Muskie, Multi-species, and Hunting Paradise Found

Muskie, Multi-species, and Hunting Paradise Found

By Ted Takasaki and Scott Richardson


Do you want to catch a muskie, but don’t know where to go and how to go about it?

What if I told you that I found a lake that’s relatively small (about 5,000 acres) and loaded with muskies that stretch to 50-plus inches? This summer, I discovered Thaddeus Lake, near Dryden, Ontario, Canada, and it is fantastic.

There are few places I know where you have a very good chance of catching a monster muskie, limits of walleyes, drag-burning pike, and tons of fighting smallmouth bass, all within sight of the lodge. No fighting big waves or making big runs to where the action is happening. And convenient when you want to come back to camp to take a break, have lunch, or take a quick nap without burning a ton of gas or time.

Muskie Madness

Although the walleye fishing at Thaddeus is excellent, I was truly impressed with the ferocity and number of muskies we saw and caught during our stay. We only targeted muskies for three days, yet our party of six anglers saw more than 40 muskies, boating 8, with 4 other muskies that were hooked but threw the lures when they leapt out of the water!

My daughter, Kristi, and her new husband, Nate, both caught their first muskies ever. Nate took big-fish honors for the week, with a whopper of 49 inches!

The muskies were actively patrolling outside weed edges in about 13 to 15 feet. The most productive lures were Venom spinners, jerkbaits, and glide baits. We would stay off the edge of the weedlines and cast at and over the weeds. Several of our muskies struck at boatside during figure 8s. It is important to wear polarized sunglasses to spot a following fish and immediately go into a figure 8 to get the fish to bite.

The figure 8 technique is one where, at the end of your cast, you push the rod tip down toward the water and work your lure to the left or right and swing it around in a figure-8 pattern. This change in direction and speed is often the trick to get relatively inactive fish to actually strike. Try to do a figure 8 at the end of every cast, because you never know how far back the muskie is lurking from your lure, and you might not see the fish.

We were visiting in August, but September and October are also excellent months to get in on Thaddeus Lake muskie action.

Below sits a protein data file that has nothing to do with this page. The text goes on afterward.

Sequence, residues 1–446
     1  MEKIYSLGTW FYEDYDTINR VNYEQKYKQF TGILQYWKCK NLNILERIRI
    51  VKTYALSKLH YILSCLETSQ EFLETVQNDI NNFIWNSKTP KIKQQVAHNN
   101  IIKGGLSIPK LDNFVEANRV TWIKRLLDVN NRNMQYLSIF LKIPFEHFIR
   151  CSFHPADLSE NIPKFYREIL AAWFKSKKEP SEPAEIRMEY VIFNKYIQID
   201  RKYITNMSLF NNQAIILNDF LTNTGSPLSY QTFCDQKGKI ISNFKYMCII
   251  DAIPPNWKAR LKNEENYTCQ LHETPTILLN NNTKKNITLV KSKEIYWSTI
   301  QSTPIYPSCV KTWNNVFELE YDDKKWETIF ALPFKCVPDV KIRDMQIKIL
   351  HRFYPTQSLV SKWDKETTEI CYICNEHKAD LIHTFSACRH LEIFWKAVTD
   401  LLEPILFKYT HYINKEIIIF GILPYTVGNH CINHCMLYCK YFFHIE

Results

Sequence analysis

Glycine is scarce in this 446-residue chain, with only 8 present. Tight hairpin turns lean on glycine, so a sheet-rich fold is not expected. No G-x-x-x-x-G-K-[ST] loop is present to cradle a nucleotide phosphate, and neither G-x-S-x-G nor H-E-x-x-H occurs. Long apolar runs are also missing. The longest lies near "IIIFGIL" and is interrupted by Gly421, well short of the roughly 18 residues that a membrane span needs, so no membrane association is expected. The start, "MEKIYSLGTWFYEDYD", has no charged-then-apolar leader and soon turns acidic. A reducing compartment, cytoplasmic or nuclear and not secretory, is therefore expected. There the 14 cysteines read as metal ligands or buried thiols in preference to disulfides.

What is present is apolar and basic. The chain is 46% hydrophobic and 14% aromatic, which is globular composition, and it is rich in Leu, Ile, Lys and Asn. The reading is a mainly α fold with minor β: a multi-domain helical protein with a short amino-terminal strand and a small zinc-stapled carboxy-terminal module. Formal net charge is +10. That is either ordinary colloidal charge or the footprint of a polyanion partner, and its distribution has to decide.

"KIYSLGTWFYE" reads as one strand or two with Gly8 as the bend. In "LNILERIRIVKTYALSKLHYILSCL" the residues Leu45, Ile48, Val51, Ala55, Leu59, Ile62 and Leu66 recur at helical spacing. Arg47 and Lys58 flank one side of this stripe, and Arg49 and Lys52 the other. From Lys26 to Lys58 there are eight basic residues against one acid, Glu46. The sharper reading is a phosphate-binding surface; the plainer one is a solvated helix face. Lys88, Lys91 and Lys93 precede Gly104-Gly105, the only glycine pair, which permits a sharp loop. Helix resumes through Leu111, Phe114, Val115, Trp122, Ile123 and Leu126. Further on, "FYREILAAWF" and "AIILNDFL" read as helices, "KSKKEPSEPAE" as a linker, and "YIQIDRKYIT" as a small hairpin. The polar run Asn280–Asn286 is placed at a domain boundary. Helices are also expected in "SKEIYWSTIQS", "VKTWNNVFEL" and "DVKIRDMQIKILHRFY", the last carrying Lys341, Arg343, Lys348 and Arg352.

Walleyes, Too

The walleye fishing is good almost anytime of the year, with limits of fish up to 30 inches long. We only spent one day walleye fishing, and although we didn’t get into any monster fish, we caught limits of great-tasting ‘eyes, with the biggest at 26 inches.

Most of our walleyes came from sandy/rocky points that are located in various areas of the lake. I’m sure if we took the time, we could have found walleyes in and around weeds as well.

The technique that produced the most walleyes for us? Live-bait rigs tipped with live minnows and chubs.

Superb Hunting Options

Thaddeus Lake is located in an area loaded with hunting opportunity, too––and not just ‘bonus’ hunting opportunity. The lodge is smack dab in the middle of the finest bear territory in Ontario, for example.


In 2015, there was 100 percent success rate for the multitudes of bear hunters in camp. Kristi and Nate were both successful, each bagging their first bears.

In addition, there is superb grouse hunting available close by as well. And get this: it’s one of those rare locations where you can hunt for ruffed and spruce grouse in the woods, and the prairie-loving sharp-tailed grouse on the same trip.

So take my word for it… this is a gem of a lake if you are looking for a great fishing trip, hunting trip, or combo trip. In fact, it’s as close to a sure thing as you’re likely to find.





Notes: Thaddeus Lake Lodge ( or 807-529-3377) has reasonably-priced quaint housekeeping cabins, and is managed by Marty Ouelette, who knows the fishing and is an expert bear guide. It’s owned by Perry and Eric Parks, also owners of Skinzit, the electric fish skinner creating a buzz for its ease of cleaning/skinning eater-sized walleyes and panfish.

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